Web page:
From Kristine Kathryn Rusch:
The other challenge I gave myself in 2021 was to work on the Fey. I had blamed traditional publishing for the fact that the next series didn’t exist and while that was true, it’s not the whole story.
I have a lot of baggage on that series. A lot. All the bad things that can happen in traditional publishing happened to me on those books.
. . . .
An editor rewrote me horribly, and did some of the work without my permission to make chapters shorter. So the rereads were traumatizing. I did them by hand, so I had to put in the corrections and restore what I could (because some of the original files were lost). I stalled out.
But I kept writing on the Fey project. Since I write out of order, it took me most of the year to realize I was writing outlines for the next several books. I’d write maybe 100 pages of the book and then outline. I’m good at writing something that seems like fiction, but really isn’t.
That’s what I was doing.
I finally sorted out that mess, but the story just wasn’t flowing. I blamed the pandemic. Then I found the novella at the heart of everything, figuring that would solve the problem. Nope.
. . . .
Until one morning, I woke up and realized I needed to schedule my writing year. I hadn’t over-scheduled my writing year in maybe ten years. First, I was so sick that I didn’t dare. (I underscheduled then.) Then, I stopped trying to schedule at all. (Nearly died, so was focused on just finishing words.) Then we moved (always disruptive). I got better…and the damn pandemic hit and ate my brain.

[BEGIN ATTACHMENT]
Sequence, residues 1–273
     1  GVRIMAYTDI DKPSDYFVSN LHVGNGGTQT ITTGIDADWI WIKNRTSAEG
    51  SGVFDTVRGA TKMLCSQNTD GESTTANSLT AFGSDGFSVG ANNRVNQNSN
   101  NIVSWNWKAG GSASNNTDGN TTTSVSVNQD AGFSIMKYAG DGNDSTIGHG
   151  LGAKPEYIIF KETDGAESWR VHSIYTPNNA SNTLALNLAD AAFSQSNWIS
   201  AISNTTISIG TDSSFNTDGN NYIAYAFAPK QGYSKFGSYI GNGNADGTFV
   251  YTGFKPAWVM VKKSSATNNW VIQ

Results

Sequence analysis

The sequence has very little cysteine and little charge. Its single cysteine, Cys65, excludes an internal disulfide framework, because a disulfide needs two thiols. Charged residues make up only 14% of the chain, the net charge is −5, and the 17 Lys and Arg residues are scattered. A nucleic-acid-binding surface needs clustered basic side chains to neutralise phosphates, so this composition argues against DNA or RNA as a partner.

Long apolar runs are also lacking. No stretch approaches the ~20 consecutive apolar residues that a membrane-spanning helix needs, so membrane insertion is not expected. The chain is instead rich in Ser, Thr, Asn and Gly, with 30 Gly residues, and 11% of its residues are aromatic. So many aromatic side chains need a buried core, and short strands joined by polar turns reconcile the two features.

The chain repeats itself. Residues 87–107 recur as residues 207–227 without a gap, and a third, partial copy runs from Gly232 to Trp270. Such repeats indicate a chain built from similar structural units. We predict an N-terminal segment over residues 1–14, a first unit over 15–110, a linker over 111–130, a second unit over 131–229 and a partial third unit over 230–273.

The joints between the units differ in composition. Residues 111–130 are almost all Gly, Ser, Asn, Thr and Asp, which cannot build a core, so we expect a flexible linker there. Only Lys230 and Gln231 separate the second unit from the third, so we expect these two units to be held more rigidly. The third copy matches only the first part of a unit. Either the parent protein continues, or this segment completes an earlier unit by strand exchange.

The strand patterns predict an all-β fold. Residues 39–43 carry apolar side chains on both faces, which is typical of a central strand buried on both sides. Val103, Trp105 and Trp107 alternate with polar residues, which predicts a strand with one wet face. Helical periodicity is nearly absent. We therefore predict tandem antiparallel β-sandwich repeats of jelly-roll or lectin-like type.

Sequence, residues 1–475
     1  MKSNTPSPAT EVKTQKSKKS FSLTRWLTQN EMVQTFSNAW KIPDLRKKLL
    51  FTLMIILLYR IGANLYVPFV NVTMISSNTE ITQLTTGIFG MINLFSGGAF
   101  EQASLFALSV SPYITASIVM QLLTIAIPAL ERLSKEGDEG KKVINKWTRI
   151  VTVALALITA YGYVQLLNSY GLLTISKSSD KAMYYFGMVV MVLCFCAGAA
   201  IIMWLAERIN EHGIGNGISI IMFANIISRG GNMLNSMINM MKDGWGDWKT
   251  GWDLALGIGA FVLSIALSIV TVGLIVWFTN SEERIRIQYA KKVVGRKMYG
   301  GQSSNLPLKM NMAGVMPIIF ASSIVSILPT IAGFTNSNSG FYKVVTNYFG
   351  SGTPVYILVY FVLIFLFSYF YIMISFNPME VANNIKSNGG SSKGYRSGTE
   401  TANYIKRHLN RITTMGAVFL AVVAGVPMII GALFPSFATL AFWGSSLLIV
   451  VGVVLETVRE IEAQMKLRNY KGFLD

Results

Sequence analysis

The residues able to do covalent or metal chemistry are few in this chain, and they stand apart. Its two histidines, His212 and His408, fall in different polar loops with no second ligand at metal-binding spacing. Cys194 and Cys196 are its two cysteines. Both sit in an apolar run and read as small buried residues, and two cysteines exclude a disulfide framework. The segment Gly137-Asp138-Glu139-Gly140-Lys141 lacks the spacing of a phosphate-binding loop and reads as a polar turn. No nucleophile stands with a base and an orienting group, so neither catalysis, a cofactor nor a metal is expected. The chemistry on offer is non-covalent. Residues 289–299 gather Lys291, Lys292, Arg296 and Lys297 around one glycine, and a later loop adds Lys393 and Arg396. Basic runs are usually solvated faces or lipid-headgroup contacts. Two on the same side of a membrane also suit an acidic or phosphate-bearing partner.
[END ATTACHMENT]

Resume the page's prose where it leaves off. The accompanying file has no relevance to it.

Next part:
So figuring out the schedule made Dean happy. (“You’re back!” he said. Yeah, maybe he’s right.)
But it also made my subconscious happy.
What does figuring out the schedule mean? It means I had to figure out what I was writing when. Then I had to figure out a realistic word count for the week/day. Then I had to do math to figure out when I would finish Project #1 and so on and so forth.
I know myself well enough to know that I can’t write the same subgenre for each and every project. So I had to switch off.
I outlined it all…and I not only mentally relaxed, the stories started flowing. I was able to get lost in them. I would wake up and there, in my brain, was the solution to some problem I hadn’t even realized I had in the book(s).
I’m excited about writing again.
I think this is because I believe I have a future. Or we have a future. Or as much of a future as the human race always has, subject to the whims of crazy leaders and stupid viruses and personal emergencies (note the word personal, not a worldwide emergency like we’ve been living in).
It’s not normal. As some grumpy pundit said about the whole returning to normal movement: there was no normal before the pandemic. There was just what we were used to.
My brain has transitioned into a world filled with Covid and other problems. I feel less of a need to be hypervigilant about the world around me, and I’m able to escape into a world I invent.
Link to the rest at Kristine Kathryn Rusch
Here’s a link to Kris Rusch’s books. If you like the thoughts Kris shares, you can show your appreciation by checking out her books.